Man has always looked to the stars, tying their appearance and location to events on earth, from births, deaths and natural disasters to changes in weather, harvests and even the migratory patterns of wildlife.
Many have believed, and some still do, that the constellations hold the key to understanding the world.
Al-Ghorab, the Corvus constellation, is a small star group in the southern sky, modeled on the Babylonian raven. Babylonians associated the constellation with Adad, the god of rain and storm, because its stars would rise before the onset of the spring rains.
One myth associated with Corvus is that when Apollo received news of his wife Coronis’s unfaithfulness from a pure white crow, he turned its feathers black in rage.
Ad-Dulfin, the Delphinus constellation, is located in the northern sky. The constellation represents the dolphin sent by the sea god Poseidon to find Amphitrite, the sea goddess he wanted to marry. One of the major stars in the constellation is Epsilon Delphini. Its traditional name, Deneb Dulfim, comes from the Arabic “zanab ad-dulfin,” or dolphin’s tail.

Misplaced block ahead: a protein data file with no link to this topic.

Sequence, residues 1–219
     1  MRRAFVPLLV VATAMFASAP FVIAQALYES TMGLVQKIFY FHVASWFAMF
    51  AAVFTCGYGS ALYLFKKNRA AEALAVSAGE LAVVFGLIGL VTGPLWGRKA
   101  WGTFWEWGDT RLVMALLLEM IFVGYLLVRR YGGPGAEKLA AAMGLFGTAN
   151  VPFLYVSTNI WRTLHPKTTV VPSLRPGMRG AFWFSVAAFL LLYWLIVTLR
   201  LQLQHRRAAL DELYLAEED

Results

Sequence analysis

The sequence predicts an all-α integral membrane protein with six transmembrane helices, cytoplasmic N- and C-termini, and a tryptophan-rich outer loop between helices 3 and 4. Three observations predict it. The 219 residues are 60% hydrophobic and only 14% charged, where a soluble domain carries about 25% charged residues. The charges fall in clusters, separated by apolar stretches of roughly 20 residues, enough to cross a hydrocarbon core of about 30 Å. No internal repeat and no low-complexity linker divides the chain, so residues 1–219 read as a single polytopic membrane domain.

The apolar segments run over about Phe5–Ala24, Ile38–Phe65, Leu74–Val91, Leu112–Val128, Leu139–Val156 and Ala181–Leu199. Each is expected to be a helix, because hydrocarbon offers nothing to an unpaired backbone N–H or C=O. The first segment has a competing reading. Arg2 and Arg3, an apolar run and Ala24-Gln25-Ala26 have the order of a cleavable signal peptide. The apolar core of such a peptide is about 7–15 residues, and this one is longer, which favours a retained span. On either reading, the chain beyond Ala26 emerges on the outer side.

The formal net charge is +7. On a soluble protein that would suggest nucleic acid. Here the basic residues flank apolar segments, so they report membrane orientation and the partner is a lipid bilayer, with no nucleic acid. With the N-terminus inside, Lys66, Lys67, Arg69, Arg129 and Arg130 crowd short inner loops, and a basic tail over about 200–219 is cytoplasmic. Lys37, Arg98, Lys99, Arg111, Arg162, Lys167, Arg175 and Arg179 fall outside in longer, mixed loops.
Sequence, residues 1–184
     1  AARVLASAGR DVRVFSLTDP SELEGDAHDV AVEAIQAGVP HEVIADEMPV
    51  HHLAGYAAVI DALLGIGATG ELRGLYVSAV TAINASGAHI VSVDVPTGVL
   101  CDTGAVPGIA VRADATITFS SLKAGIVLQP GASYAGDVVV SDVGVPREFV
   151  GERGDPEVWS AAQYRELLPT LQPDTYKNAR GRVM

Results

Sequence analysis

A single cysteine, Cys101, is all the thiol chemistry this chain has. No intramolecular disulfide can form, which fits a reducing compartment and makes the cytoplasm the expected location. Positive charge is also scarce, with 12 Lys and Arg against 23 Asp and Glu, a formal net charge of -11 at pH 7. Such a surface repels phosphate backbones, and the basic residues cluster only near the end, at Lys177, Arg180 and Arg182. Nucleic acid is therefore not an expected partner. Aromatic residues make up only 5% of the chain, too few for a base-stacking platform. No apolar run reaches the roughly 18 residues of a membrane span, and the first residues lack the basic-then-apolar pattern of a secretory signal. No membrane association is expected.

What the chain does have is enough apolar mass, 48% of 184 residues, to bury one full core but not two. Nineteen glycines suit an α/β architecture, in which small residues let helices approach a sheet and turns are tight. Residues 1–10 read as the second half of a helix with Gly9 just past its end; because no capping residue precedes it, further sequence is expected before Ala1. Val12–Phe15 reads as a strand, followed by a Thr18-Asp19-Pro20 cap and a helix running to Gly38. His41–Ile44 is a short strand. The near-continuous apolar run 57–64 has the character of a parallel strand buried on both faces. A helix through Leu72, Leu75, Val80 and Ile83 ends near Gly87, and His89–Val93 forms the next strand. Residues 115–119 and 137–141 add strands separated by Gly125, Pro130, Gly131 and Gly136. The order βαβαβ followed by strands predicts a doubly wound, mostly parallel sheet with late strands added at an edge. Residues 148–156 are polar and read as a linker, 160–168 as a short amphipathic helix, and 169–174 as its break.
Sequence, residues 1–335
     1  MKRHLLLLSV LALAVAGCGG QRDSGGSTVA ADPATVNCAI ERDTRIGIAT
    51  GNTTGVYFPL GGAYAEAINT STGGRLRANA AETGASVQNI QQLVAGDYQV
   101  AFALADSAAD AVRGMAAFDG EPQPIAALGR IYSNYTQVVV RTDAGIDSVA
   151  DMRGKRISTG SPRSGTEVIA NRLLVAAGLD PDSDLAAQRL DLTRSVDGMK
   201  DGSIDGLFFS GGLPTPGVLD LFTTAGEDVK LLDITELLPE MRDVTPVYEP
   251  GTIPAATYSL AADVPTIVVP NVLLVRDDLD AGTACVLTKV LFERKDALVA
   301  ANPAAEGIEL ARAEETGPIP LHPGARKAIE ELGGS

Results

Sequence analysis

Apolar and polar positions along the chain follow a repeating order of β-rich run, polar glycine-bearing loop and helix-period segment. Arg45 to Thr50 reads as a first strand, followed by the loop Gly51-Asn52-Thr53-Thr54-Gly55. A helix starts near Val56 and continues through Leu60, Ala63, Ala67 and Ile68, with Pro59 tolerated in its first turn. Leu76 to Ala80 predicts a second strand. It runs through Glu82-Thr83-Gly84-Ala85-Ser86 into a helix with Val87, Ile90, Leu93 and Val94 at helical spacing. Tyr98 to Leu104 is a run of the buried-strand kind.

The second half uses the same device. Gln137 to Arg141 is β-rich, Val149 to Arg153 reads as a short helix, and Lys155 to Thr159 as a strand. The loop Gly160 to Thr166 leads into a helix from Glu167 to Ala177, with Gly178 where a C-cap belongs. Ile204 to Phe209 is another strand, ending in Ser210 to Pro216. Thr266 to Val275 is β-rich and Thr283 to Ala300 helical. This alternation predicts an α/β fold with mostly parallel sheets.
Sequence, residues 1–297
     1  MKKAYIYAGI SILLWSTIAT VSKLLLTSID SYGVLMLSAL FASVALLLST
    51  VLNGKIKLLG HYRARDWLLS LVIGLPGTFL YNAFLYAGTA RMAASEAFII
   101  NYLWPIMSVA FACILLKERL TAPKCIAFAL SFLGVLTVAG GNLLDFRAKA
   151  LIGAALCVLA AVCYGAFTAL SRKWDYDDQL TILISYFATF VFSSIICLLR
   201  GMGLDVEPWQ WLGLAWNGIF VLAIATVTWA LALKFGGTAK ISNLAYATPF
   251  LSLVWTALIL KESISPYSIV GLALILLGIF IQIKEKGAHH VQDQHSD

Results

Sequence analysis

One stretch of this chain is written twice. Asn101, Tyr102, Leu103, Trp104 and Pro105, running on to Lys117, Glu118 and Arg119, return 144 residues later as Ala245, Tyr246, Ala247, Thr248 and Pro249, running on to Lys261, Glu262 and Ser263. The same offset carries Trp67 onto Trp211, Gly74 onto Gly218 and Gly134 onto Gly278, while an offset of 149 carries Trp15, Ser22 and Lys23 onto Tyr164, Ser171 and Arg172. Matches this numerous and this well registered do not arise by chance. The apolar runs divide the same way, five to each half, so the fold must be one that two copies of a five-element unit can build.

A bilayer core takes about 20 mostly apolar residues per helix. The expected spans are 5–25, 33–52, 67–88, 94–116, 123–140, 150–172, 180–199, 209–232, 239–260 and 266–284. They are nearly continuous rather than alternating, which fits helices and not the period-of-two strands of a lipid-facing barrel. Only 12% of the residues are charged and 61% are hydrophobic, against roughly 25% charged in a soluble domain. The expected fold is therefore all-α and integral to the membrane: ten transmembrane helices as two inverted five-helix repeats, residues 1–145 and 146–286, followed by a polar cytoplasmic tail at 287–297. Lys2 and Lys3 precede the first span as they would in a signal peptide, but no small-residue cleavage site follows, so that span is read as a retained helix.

Ad-Dubb Al-Akbar, or Ursa Major, the Greater Bear, includes a group of stars commonly known as the Big Dipper, and is one of the most recognizable patterns in the northern sky. One of its stars, Dubhe, gets its name from the Arabic “dubb,” which means bear.
Al-Hamal, or the Aries constellation, in the northern hemisphere is usually associated with the story of the Golden Fleece in Greek mythology. Hamal is the brightest star in the constellation, and its name is derived from the Arabic “Ras Al-Hamal,” or Head of the Ram. Another star, Delta Arietis, or Botein, gets its name from the Arabic “baten” or “butain,” which means “belly.”
Al-Asad, the Lion, or the Leo constellation, is one of the largest constellations in the night sky. It is usually associated with the Nemean lion in Greek mythology. Regulus Alpha Leonis is the brightest star. Its Arabic name, Qalb Al-Asad, means “the heart of the lion.” Denebola is the second-brightest star in Leo. Its name is derived from the Arabic “Danab Al-Asad,” which means “the lion’s tail.”